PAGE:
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Patrick O’Shea: The Catholic way: unity in diversity

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A protester holds signs advocating for the sanctity of human life at a rally in Hyde Park, Sydney, in September 2019 as the state’s Parliament was poised to legalise abortion. Those committed to the prolife cause need to persist engaging with an issue that is essential to the welfare of all Australians, writes Joanna Howe. Photo: Giovanni Portelli

By Patrick O’Shea

As we approach the end of the year, I can almost hear people of all ages crying that the year has passed by too quickly.

Perhaps we wonder if we could have focused on more important things than taking up pitchforks in the woke wars of attrition, or depositing all our gold in the backyard a la Ron Swanson because we think the stock market will crash like it’s 1929.

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In either case, we all know that we needed to focus more on Christ and we still have time left to finish the year well to focus on Him.

In one of the most vivid Gospel passages, and the one where the Church finds her teaching on the corporeal works of mercy, Our Lord lauds and grants a heavenly welcome to those who look after Him through helping their neighbours (Matt 25:31-46).

Our Lord commissions us all to these works of mercy and, just as the Gospel points out, there is no way into Heaven without them. While we each have charisms for particular works, that does not excuse us from neglecting those that do not excite our palates.

Ever since its inception, social media has given voice to what I like to call the dichotomous fallacy: those advocating for a different cause to you therefore disagree with the issue you’re passionate about.

Online, I have seen this most aptly displayed in the arena of migrants and refugees and the pro-life debate.

According to some, who I pray are a minority, those who support refugees have their priorities wrong and don’t care enough about the unborn.

Conversely, those who are pro-life apparently don’t care enough about a child after it’s born, thus being labelled “pro-birth”. It is truly humbling to know how imperfect we truly are when we have social media at our disposal!

Our Divine Lord has deigned to give each person a set of charisms and a vocation in life.

Sr Sheelah Mogan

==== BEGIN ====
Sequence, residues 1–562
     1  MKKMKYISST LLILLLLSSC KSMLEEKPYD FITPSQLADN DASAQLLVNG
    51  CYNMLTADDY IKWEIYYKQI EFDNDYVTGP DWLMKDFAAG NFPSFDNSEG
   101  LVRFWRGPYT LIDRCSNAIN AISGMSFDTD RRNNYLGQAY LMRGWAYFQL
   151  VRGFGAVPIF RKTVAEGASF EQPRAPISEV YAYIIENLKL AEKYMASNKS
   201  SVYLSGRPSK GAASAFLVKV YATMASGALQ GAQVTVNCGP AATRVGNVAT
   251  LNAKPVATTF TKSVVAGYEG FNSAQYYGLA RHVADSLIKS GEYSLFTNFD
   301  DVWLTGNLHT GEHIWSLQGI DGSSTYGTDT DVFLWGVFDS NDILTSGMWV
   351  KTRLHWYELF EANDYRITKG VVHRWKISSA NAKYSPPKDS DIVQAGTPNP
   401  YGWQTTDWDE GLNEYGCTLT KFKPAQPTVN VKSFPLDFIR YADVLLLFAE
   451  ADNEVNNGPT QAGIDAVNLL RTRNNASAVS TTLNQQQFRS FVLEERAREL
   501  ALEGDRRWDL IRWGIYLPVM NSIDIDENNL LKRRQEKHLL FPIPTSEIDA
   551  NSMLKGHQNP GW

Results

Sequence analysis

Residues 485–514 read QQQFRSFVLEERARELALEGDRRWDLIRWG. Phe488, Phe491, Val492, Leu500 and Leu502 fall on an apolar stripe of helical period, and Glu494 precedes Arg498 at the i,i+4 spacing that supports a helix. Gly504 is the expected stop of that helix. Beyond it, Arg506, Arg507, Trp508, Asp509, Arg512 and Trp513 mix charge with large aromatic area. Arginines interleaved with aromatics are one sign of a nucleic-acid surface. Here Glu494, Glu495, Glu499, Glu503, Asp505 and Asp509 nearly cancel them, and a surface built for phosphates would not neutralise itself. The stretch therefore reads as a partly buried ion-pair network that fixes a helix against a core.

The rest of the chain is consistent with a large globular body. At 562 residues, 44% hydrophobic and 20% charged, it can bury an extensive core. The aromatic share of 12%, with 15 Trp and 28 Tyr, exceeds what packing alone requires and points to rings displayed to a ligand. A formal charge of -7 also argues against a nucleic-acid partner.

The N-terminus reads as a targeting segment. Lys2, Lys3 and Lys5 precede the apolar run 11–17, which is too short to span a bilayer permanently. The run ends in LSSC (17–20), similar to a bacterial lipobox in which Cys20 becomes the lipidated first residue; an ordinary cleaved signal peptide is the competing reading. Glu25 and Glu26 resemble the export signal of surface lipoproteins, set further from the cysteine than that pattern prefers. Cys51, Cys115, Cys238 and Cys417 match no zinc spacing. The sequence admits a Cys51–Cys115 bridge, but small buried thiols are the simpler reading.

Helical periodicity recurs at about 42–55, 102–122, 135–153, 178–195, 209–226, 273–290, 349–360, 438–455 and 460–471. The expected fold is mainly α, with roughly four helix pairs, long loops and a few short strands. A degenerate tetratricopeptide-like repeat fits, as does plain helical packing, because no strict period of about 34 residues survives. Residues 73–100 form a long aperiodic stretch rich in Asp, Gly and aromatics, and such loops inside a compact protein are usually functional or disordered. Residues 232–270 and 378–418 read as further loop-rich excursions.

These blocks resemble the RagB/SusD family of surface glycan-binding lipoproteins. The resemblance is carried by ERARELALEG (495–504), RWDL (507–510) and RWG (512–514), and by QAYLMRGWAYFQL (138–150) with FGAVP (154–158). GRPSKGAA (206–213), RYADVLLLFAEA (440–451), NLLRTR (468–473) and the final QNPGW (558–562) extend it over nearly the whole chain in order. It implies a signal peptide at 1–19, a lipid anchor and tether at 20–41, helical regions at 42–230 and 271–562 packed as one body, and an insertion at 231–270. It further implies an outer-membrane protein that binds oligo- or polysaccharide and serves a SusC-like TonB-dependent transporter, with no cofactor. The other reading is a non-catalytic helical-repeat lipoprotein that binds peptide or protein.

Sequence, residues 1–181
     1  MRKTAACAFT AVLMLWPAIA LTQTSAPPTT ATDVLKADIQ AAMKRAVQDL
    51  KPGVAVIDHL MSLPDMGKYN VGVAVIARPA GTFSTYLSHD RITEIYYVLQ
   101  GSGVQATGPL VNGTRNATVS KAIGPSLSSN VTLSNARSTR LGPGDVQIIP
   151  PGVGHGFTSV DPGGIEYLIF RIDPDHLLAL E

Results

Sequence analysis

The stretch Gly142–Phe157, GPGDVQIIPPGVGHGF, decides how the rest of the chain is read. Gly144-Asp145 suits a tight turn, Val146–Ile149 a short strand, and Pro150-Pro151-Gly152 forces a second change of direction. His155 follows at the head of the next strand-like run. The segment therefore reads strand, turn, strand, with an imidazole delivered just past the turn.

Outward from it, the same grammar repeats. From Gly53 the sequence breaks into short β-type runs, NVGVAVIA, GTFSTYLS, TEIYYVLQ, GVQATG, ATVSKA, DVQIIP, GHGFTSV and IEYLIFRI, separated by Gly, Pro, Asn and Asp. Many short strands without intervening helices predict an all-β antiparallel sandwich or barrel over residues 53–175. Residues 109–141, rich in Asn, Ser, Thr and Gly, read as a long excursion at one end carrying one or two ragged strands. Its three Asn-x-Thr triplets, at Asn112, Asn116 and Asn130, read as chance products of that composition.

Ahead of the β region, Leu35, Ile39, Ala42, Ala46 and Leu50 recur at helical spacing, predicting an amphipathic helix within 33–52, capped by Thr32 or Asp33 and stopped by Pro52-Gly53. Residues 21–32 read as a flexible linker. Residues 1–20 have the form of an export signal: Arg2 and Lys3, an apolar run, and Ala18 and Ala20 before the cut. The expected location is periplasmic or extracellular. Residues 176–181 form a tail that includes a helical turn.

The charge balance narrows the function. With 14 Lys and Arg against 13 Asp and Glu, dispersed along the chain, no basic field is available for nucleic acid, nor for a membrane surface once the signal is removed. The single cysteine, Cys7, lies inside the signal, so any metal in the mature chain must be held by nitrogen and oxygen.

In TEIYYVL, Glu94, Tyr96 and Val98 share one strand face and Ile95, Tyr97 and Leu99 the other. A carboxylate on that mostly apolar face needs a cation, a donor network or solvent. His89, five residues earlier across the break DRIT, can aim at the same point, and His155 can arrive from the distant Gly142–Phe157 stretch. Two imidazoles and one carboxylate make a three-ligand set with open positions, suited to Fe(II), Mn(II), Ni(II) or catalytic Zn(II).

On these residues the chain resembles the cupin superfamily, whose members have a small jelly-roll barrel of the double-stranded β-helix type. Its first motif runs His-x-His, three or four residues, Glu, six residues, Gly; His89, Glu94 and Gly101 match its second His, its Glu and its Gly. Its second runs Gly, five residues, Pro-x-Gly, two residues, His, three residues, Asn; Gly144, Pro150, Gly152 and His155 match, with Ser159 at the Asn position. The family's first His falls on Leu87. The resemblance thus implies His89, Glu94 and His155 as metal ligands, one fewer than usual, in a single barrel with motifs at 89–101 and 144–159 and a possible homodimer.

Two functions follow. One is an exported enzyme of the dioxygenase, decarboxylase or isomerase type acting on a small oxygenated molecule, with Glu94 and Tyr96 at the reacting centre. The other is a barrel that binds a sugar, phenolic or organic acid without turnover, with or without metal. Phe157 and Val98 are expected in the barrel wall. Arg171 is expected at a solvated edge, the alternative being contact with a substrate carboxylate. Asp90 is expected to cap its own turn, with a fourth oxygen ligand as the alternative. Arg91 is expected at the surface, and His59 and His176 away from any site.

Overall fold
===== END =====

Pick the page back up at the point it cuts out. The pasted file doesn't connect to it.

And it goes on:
Sr Sheelah Mogan with some of her St Canice’s Kitchen Wednesday lunch team. PHOTO: Alphonsus Fok

While there are those set aflame with the charism of helping at a homeless shelter, one would not accuse a cloistered Carmelite of not caring for the homeless because of their state in life.

Thankfully, this diversity of charism and vocation is a part of God’s plan that Christ Himself envisioned for His Bride. St Paul describes us as the hands, eyes, feet, and ears of the Body of Christ, the Church, and how we cannot all work at the same vocation (1 Cor 12:4-31).

Although we cannot work together all the time, that doesn’t excuse us of belittling the work of others. To say pro-lifers are only “pro-birth” belittles and takes for granted the work of pro-life people who are called by God to work with single mums, or even called to volunteer at Canice’s Kitchen.

The advocacy work of the Church, inspired so much in the modern era through her Social Doctrine, provides numerous avenues by which Catholics can be involved with social issues.

Be it migrants, pro-life advocacy, soup kitchens, or homeless shelters, there are many possibilities to which we can direct our time and charity.

Although I am encamped in pro-life advocacy, that does not take away from the efforts of those Catholics who follow the teachings of the Church and earnestly desire to find a home for migrants – a cause I don’t do enough about.

How can we be truly charitable in our advocacy if we do not show charity to other Catholics who bring other vocations to life? We continue to bicker among ourselves when the law of charity is “the bond of perfection” (Col 3:14).

How can we forward the Church’s mission of sanctifying the world when the bond of charity between Catholics is so imperfect?

On matters that are not doctrinal, where we can afford to have difference of opinion, we need to agree that the Church needs to embrace all her members’ vocations and that each person’s is unique.

All the social works of the Church are important and based on the Law of Charity. In coming to the close of Advent, we can prepare ourselves as members of the Mystical Body by keeping charity at the heart of the Body of Christ. By being charitable to other members of Our Lord’s Body, we can begin our mission of sanctifying the world.

As we approach the time of the year most associated with cheer and gift giving, we can put aside our quarrels and cease our bickering. Instead, in the spirit of keeping Christ at the centre of Christmas, we can sing praises to the Lord and with true love and brotherhood embrace each other to celebrate Christmas with tidings of comfort and joy.

Patrick O’Shea is a young pro-life activist and a staff member of the Archdiocese of Sydney

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